Lionel Turpin (1896-1929)

Born in British Guiana (Guyana) Lionel found his way to Britain as a merchant seaman. There is no exact date of entry but according to his army service records, Rifleman Turpin A202638 was 19 years old when he enlisted in August 1915.

He gave his address as Collingwood, North Shields. According to Lionel’s children, “He (Lionel) felt British. He was descended from slaves taken from West Africa, but English was his first language.

His schoolbooks were written by British people; he lived under British law; he was brought up to admire British poets and British musicians and British scientists and British politicians and British nobility. His allegiance was to King George V, to his Mother Country and to British people all over the world. When Britain declared war on Germany, he felt included.”

Lionel joined the army at the York Depot of the York and Lancaster Regiment and was sent out with the No. 32 British Expeditionary Force to the Western Front in 1916. He fought in the battles of the Somme where as a result of a gas attack his lungs were burnt.

In February 1918 Lionel was transferred to the King’s Royal Rifles and would be injured once again with a shell wound on his back. Lionel would serve until February 1919 when he was discharged. He returned to Britain for treatment at a hospital in Coventry for broncho pneumonia.

It was clear that Lionel would never fully recover as a result of the damage done to his lungs and so was discharged to a convalescent home in Warwick.

Lionel decided to leave the convalescent home to find work with the result that he would meet Beatrice Whitehouse a local teenager from Leamington Spa. Beatrice came from a local working-class family; her father was known as a bareknuckle prize-fighter.

Lionel and Beatrice were married on 24 December 1921 and would have five children together. While Lionel was eventually to find work as a master moulder at Bissel’s Foundry, his health continued to deteriorate, and he was admitted to a Ministry of Pensions Hospital in Birmingham.

Lionel was to pass away on 6 March 1929 he passed away, his funeral hearse was drawn by four black horses, with six soldiers as an escort. Lionel was buried in the Brunswick Street Cemetery, Leamington Spa. His funeral was paid for by the Leamington branch of the British Legion.

Two of Lionel’s sons, Randolph and Jackie, would achieve success through boxing. Randolph was briefly world middleweight champion and Jackie co-authored a book about his life, ‘Fighting Jack – You Gotta Fight Back’ in which he talks with pride about his father’s service during the First World War.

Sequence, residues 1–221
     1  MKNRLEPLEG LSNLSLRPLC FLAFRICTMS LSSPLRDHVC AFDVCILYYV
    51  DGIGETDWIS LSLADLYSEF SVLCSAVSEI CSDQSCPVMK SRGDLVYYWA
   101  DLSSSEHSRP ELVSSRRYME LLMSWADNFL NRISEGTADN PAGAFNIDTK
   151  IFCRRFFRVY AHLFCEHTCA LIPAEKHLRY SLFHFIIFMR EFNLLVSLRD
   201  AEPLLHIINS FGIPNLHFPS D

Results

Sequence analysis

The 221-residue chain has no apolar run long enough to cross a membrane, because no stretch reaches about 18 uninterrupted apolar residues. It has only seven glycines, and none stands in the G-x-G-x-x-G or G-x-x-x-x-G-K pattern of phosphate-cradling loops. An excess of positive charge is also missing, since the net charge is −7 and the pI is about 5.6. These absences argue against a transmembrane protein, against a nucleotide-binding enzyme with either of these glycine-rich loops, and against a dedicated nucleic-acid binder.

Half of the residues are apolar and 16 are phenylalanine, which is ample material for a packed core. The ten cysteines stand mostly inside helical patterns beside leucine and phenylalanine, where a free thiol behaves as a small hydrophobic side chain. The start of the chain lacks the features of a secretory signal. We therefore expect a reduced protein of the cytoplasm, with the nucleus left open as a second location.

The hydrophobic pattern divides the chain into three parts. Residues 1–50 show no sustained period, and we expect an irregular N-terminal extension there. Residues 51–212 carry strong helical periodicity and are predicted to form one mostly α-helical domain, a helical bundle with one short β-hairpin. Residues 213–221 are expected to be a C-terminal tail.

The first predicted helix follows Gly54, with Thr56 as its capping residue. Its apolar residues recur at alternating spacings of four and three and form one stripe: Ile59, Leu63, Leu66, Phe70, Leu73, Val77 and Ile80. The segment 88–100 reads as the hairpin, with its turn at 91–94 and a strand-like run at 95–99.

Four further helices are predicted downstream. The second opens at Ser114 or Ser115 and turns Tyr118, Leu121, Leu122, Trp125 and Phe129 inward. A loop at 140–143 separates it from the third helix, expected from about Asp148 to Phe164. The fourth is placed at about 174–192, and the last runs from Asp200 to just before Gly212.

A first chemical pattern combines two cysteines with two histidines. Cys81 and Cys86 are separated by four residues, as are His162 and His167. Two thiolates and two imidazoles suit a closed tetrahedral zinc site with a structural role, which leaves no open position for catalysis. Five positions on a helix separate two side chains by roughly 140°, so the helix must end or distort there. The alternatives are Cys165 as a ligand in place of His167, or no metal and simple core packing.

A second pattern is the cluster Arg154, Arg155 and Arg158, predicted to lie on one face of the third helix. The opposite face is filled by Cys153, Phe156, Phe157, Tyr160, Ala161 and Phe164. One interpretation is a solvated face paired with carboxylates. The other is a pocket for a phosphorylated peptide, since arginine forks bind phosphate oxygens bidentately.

As the nation’s largest Armed Forces charity, the Royal British Legion (RBL) is dedicated to ensuring that all those who served and sacrificed, and who continue to do so, in defence of our freedoms and way of life, from both Britain and the Commonwealth, are remembered.

In our acts of Remembrance, the RBL remembers,

  • The sacrifice of the Armed Forces community from Britain and the Commonwealth.
  • Pays tribute to the special contribution of families and of the emergency services.
  • Acknowledges the innocent civilians who have lost their lives in conflict and acts of terrorism.

The story of Black British and Black African and Caribbean service and sacrifice is one that we are keen to share, a story of men and women who have done so much in defence of Britain and in protecting all our citizens. A story that is replete with stories of bravery and courage, as epitomised by Victoria Cross winner Johnson Beharry.

Therefore, to mark 100 years since Britain’s current Remembrance traditions first came together, the RBL has bought together over 100 stories of British and Commonwealth African and Caribbean service and sacrifice. The stories range from the First World War to the present day and are of servicemen and women from across Britain, Africa and the Caribbean, representing both the armed forces and emergency services.  

The RBL wishes to offer special thanks to Stephen Bourne for his help in putting these stories together. Stephen Bourne has been writing Black British history books for thirty years. For Aunt Esther’s Story (1991) he received the Raymond Williams Prize for Community Publishing. His best-known books are Black Poppies (2019) and Under Fire (2020). His latest book Deep Are the Roots – Trailblazers Who Changed Black British Theatre was recently published by The History Press. For further information about Stephen and his books, go to his website